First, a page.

‘I’m Just Using the Museum as My Palette’: How Artist Fred Wilson Uses Venerable Art Collections to Re-imagine History
As part of a collaboration with Art21, hear news-making artists describe their inspirations in their own words.
What happens when the museum becomes the medium? That is a question that the Bronx-born artist Fred Wilson has dedicated his career to answer. For two decades, the artist has used objects in museum art collections to both confront and re-imagine history.
In his landmark 1992 exhibition “Mining the Museum,” Wilson selected objects from the Maryland Historical Society’s collection that wouldn’t ordinarily be arranged side-by-side. The show featured provocative tableaux—slave shackles alongside a silver tea set, for example—highlighting racial and social tensions that are often overlooked within the institutional framework.
Wilson reflected on his artistic practice in a 2005 interview for Art21: Structures. “I get everything that satisfies my soul from bringing objects that are in the world and manipulating them—working with spatial arrangements—and then having things produced the way I want to see them.”
In addition to designing museum spaces, the artist also uses existing historical objects as a springboard to new work, as in his most recent installation, Afro Kismet. The installation was originally conceived for the 2017 Istanbul Biennial and has been updated for a show on view now at Pace Gallery’s Chelsea outpost. In the piece, the artist uses traditional Iznik tile walls, painting them black and adding blue Arabic lettering that reads “Black is beautiful” and “Mother Africa.” The installation highlights the long-overlooked history of African communities who settled in Turkey and the confluence of the two cultures in art and design.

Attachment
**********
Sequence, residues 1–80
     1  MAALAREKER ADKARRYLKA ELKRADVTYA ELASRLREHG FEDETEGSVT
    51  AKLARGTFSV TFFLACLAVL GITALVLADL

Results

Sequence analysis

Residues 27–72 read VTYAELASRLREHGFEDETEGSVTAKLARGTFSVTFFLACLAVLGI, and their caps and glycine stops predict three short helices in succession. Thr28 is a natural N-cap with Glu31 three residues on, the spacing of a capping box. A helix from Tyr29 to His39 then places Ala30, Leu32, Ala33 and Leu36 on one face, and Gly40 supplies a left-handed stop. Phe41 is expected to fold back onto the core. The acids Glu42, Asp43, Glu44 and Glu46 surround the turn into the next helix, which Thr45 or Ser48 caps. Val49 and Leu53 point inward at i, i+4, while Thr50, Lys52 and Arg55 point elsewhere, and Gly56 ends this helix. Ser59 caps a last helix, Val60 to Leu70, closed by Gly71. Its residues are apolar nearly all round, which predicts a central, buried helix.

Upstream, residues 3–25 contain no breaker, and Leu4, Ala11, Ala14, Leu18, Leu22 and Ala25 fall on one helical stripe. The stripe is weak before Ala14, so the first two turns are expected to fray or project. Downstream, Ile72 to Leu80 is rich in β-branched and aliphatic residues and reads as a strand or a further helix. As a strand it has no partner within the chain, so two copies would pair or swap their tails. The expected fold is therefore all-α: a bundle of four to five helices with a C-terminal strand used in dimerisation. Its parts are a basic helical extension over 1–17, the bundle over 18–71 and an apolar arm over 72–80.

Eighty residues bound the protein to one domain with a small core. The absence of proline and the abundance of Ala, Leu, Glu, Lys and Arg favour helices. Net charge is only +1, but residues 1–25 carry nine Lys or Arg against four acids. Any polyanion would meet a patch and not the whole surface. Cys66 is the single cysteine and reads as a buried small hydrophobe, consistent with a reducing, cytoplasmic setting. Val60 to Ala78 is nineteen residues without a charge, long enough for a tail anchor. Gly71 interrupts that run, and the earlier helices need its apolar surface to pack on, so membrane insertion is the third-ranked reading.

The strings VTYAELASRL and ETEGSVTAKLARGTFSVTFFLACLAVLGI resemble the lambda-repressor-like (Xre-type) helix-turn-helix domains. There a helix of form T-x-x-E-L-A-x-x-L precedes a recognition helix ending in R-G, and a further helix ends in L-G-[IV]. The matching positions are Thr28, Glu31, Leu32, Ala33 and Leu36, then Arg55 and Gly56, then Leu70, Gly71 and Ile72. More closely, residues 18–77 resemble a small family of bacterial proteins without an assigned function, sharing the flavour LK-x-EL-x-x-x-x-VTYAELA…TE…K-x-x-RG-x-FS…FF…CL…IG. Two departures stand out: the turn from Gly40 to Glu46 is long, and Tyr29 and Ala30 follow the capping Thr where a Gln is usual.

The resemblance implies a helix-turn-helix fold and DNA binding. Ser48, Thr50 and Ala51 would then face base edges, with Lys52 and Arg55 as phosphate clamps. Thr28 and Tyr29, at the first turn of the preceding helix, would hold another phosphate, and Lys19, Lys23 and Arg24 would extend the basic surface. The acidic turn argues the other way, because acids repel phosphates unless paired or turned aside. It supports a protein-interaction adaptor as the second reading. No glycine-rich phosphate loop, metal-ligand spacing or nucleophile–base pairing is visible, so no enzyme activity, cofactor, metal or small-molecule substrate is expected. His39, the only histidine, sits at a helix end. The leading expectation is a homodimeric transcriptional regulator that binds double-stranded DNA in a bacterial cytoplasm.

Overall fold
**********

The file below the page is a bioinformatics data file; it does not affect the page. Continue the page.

By calling attention to the discrepancies in historical narratives, Wilson is “shifting the gaze” and probing the often invisible processes that gird institutional curation. “I’m just using the museum as my palette, basically,” he says. With that canvas, he aims to explore “how juxtaposition of very different objects can bring up a new idea, a new thought.”
To see the artist at work and to hear more about his unique approach, watch the full clip from Art21’s “Structures” below. “Fred Wilson: Afro Kismet” is on view at Pace Gallery in Chelsea through August 17.
This is an installment of “Art on Video,” a collaboration between artnet News and Art21 that brings you clips of newsmaking artists throughout the summer. A new season of the nonprofit Art21’s flagship Art in the Twenty-First Century television series premieres this September on PBS. Watch full episodes and learn about the organization’s education programs at Art21.org.
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